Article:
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BLOOD PRESSURE

• Choice of Sphygmomanometer
– Proper size :length of bladder 80% of arm
circumference
:width 40% of arm
circumference

• Rest the patient for 5 min


• Remove the clothing
How to measure the BP
How to measure the BP
• Secure the cuff snugly
– A loose cuff or bladder that balloons outside
cuff leads to false high blood pressure
• To determine how high to raise the cuff
pressure: Use the palpatory method
• First estimate the systolic pressure by palpation
• Feel the radial a.with the fingers of one hand
• Rapidly inflate the cuff until the radial pulse
disappear
• Add 30 mmHg to it to obtaint target for inflation
How to measure the BP
• This method prevents discomfort from unnecessary elevation
– avoid error caused by auscultatory gap a silent interval
between sytolic and diastolic BP
• Deflate cuff, wait for 15-20 sec
• Place bell of stethoscope over the brachial a.(make an air
seal with its full rim)
• Inflate the cuff rapidly to the determined level of the systolic
BP when you starts to hear the cardiac beats
• Deflate slowly 2-3mmHg per sec
How the BP to measure
• Note the level at which you hear the sounds of 2
consecutive beats (Korotkoff sounds)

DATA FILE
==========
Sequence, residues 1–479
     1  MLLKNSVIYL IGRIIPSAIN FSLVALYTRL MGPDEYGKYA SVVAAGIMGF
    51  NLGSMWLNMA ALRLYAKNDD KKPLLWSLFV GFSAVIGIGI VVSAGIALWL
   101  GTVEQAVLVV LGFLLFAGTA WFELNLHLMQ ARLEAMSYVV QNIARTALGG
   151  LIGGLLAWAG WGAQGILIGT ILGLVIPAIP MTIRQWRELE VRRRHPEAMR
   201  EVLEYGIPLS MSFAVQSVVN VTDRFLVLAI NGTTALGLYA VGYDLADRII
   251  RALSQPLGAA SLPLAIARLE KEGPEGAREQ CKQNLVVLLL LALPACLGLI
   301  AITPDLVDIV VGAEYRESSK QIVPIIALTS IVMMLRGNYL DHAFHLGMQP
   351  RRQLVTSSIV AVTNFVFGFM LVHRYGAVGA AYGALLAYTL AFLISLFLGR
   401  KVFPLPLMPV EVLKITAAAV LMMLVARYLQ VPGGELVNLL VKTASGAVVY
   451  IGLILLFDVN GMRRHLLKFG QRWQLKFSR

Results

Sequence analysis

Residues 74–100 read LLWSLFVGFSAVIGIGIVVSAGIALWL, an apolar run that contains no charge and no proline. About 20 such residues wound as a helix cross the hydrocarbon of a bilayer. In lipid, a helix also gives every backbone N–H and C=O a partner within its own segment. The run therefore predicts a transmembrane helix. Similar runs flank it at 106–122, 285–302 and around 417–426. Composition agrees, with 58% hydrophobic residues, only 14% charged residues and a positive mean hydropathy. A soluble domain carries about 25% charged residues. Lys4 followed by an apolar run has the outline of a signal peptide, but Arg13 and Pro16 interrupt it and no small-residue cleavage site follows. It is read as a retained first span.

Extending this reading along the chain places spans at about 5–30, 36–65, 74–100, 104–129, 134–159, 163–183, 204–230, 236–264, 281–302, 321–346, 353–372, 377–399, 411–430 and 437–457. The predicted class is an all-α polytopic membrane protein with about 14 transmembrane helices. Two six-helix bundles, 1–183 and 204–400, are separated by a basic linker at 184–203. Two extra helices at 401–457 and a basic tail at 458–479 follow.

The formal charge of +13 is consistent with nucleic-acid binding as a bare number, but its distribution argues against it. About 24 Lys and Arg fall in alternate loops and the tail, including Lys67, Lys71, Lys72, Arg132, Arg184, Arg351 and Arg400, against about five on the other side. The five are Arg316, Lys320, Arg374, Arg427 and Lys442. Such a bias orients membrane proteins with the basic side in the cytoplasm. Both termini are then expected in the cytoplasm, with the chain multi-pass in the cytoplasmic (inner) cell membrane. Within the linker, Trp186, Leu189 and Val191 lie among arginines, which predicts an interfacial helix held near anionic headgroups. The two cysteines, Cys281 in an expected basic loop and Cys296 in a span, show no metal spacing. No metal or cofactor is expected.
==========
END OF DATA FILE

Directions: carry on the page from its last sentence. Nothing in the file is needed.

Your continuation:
• This is the sytolicBP

• Continue to lower pressure slowly until the sounds


become muffled and then disappear
• To confirm disappearance listen as pressure fall another 10-20mm
• Deflate the cuff rapidly to zero

• The disappearance point which is usually only a few


mm below the muffling point gives the best estimate
of the true diastolic BP
How to measure the BP
• If the muffling point and the disappearance point
are further apart ,or if as in AR the sounds never
disappear record both figures
• Read BP to nearest 2mmHg
• BP should be taken in both arms at least onse.
Normally there may be a difference of 5 mmHg
and sometimes 10.Take subsequent readings in
the arm with the highest pressure
• Pressure difference of more than 10-15 mmHg
suggest arterial compression or obstruction on
the side of low BP
Postural hypotension
• Normally on standing, systolic BP drops
slightly and diastolic raises slightly. A fall
in systolic of 20 mmHg or more is
considered orthostatic or postural
hypotension
Causes of postural hypotension
1. Drugs (vasodilators)
2. Depletion of blood volume
3. Prolonged bed rest
4. Diseases of autonomic nervous system
BP classification
• Normal <130 <85

• High normal 130-139 85-89

• Mild 140-159 90-99


• Moderate 160-179 100-109
• Severe 180-209 110-119
• Very Severe >210 >120
Causes of hypertention
• Essential
• Renal
• Renovascular
• Endocrine :Cushing syndrome
» Conn
» Pheochromocytoma
» Acromegaly
Assesment of Hypertention
• It includes its effect on target organs
• The eyes :hypertensive retinopathy
• The heart :LVF
• The brain :neurological deficit
• The kidneys : hypertensive nephropathy